A.J. Green finds his value with Bengals, setting up potential split in 2021

CINCINNATI -- No matter what happened this offseason, A.J. Green was going to find out how much he was valued by the Cincinnati Bengals.

After 4 p.m. ET Wednesday, the veteran wide receiver got his answer. The two sides failed to agree on a new contract, which means Green will likely play the 2020 season on the one-year franchise tag worth $18.2 million, assuming he eventually signs the paperwork as expected.

Green became one of the marquee players on the Bengals the moment they selected him with the fourth overall pick in the 2011 draft. That appears destined to change after the 2020 season.

The lack of a long-term deal suggests Green's time in Cincinnati could be up by 2021. He hasn't spoken on the topic all offseason, but Green's previous comments suggest he believes he could be done in Cincinnati.

"They can franchise me and I can be here for another year, or we get a deal done," Green said in December. "Or we don't get a deal done. I'm prepared for anything."

The franchise tag makes sense given Green's injury history. He has missed 23 of the past 24 games and hasn't played since Week 11 of the 2018 season. Green did not play in all of 2019 after he tore multiple ligaments in his left ankle during the first preseason practice.

Green's age also doesn't work in his favor. He turns 32 at the end of July. And over the past decade, receivers that age or older tended to see their productivity decline.

Of the 219 times a player had 1,000 receiving yards in a season in the previous decade, only 11 were 32 or older, according to ESPN Stats & Information. And six players combined for those 11 instances.

However, Green made it clear he was against the concept of a franchise tag and how the designation reflects the confidence the Bengals have in him.

"When you put that on me, then that's what you're showing me -- you only want me for one year," Green told Cincinnati's WLWT-TV in January. "And I always play with a chip on my shoulder. We'll see what happens."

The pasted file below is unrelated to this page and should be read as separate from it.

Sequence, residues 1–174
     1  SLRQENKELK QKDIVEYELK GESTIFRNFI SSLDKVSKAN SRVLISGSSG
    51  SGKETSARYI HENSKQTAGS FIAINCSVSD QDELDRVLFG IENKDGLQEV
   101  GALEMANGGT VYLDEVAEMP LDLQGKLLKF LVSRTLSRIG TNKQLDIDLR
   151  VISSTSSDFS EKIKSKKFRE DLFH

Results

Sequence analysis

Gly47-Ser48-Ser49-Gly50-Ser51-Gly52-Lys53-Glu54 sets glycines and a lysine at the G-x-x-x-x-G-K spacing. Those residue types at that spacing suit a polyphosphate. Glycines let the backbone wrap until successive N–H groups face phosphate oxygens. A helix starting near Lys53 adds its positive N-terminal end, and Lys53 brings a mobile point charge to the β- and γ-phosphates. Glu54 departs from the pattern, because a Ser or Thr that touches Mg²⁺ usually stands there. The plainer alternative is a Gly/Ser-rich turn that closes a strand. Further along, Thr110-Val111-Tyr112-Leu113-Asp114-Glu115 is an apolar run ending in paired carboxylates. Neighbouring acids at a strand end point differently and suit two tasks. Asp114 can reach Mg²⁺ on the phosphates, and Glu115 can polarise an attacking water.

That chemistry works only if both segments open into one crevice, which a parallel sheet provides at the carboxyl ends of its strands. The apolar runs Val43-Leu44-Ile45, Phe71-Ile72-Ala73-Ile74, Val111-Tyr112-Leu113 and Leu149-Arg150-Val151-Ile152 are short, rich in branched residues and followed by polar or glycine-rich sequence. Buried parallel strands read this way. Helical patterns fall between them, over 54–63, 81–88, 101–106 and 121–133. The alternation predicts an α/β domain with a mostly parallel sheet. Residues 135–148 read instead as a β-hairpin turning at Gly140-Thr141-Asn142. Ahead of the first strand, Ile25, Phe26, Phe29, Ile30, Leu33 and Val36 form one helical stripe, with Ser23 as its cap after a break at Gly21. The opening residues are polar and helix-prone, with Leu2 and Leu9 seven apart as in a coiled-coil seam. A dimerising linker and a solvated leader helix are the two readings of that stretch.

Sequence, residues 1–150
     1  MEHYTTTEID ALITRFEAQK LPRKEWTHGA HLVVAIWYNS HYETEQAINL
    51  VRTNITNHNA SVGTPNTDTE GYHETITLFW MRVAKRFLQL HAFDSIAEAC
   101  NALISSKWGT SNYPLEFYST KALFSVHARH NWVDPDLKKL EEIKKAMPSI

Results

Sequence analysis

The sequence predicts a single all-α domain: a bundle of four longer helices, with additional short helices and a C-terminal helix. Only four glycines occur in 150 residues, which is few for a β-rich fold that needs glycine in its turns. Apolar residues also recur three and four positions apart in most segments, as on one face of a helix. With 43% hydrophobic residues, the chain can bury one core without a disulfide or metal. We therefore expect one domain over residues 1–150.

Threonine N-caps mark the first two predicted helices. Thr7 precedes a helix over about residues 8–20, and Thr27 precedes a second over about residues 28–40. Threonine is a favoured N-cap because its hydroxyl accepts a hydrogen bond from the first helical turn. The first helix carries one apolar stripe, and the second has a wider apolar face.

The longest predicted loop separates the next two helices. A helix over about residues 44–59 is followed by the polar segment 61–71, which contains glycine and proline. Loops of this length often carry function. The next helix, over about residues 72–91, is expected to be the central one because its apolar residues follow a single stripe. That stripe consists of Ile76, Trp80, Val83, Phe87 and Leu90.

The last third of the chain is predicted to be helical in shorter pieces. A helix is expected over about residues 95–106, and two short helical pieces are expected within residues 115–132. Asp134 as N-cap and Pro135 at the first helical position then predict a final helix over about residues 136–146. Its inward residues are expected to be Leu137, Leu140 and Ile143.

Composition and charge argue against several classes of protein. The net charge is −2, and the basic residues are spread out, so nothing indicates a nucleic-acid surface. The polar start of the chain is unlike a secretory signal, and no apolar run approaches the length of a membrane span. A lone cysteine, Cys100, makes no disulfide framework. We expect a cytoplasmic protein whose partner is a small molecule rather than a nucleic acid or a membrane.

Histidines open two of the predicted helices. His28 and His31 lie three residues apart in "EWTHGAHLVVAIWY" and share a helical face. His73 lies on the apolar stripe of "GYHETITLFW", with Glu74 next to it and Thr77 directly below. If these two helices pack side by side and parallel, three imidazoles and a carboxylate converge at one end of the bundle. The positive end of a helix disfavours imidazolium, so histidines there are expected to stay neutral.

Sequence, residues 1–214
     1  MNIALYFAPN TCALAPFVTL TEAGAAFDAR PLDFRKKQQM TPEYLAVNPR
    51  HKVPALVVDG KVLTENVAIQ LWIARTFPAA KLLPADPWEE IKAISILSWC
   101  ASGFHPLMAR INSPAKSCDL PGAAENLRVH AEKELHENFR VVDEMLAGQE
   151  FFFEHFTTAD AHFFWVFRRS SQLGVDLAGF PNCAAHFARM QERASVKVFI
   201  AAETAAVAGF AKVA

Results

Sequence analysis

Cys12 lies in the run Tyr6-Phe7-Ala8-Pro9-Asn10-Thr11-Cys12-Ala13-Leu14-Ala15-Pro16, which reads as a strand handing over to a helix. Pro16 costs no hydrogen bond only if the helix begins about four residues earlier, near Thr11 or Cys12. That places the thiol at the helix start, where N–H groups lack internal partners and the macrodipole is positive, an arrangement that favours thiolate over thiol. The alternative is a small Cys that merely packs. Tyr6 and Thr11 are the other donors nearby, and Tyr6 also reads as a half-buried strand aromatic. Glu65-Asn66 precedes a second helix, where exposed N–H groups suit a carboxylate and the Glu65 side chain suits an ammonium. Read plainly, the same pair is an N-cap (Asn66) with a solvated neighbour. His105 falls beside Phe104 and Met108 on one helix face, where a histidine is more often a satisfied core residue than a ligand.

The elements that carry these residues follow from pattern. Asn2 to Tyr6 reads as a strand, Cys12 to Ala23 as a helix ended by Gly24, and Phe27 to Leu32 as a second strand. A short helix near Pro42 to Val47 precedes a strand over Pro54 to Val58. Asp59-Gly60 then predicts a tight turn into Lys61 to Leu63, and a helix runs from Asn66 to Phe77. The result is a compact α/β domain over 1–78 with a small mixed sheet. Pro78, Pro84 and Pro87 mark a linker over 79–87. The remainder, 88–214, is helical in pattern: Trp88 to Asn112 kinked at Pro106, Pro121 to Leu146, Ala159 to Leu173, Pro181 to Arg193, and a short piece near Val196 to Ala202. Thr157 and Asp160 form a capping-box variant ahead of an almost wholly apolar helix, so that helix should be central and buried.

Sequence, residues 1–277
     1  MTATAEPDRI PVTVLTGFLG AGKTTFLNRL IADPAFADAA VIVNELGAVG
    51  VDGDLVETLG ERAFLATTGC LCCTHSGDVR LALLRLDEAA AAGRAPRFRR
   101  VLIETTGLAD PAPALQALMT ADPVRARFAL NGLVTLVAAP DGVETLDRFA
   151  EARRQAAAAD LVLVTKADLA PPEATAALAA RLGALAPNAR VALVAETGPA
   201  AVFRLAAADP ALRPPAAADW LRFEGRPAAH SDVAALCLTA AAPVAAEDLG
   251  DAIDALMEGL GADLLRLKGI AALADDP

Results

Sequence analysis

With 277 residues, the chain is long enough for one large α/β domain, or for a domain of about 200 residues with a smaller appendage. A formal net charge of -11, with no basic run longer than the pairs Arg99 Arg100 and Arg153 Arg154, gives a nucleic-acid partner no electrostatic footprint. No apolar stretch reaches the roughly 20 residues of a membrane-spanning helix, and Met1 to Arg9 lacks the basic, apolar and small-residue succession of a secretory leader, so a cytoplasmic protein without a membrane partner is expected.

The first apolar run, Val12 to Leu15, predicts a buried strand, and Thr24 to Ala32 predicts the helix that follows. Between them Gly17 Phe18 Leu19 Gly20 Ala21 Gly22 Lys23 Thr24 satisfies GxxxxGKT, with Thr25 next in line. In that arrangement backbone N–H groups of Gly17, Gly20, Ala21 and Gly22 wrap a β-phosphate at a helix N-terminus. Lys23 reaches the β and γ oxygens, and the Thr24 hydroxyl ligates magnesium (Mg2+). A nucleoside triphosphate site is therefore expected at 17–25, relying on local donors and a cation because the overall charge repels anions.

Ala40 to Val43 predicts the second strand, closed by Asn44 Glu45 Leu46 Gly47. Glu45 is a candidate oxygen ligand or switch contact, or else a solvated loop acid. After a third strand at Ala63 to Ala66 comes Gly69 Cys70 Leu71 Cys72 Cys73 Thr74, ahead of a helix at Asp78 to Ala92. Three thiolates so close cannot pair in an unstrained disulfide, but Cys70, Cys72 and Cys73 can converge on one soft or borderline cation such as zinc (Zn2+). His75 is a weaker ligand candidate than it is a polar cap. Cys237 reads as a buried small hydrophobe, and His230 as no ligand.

Green, a seven-time Pro Bowler, could use his 2020 season to prove he can stay healthy, show he can still be one of the most productive receivers in the NFL and make a run at a long-term deal heading into 2021. He's professed his desire to play his entire career in Cincinnati, but that could change after failing to get a long-term deal this offseason.

Green, who has six 1,000-yard seasons, could be hit with the franchise tag again next offseason, but it would cost the Bengals a considerable amount of money and result in some bad optics as well.

Between Green's comments and the Bengals' recent transactions, the split seems imminent after 2020.

The Bengals gave 25-year-old wide receiver Tyler Boyd a four-year extension worth $43 million last year. Boyd responded by surpassing 1,000 receiving yards for the second consecutive season.

In perhaps a less subtle move, the Bengals selected Clemson wide receiver Tee Higgins in the second round of April's draft. Higgins said he modeled his playing style after Green. After Cincinnati made the selection, coach Zac Taylor said the move had nothing to do with Green's long-term outlook.

"This is just adding another weapon to the group," Taylor said. "Again, we really like A.J. Green and look forward to coaching him this year. We want him here for a long time. This in no way, shape or form affects what we think about A.J."

But if Green is unwilling to sign a long-term deal in 2021, the Bengals will have a couple of young wide receivers to build around as they begin the Joe Burrow era.

Green has established himself as one of the best wide receivers in Bengals history. If he stays healthy, he can potentially cement his case for the Hall of Fame.

But for now, his time in Cincinnati is only guaranteed until the end of 2020.

"When I first got drafted here, I said I always wanted to stay in one city, help build," Green said in December. "That's the kind of person I am. But, again, this is a business. I've been hurt for the last two years. That could change things."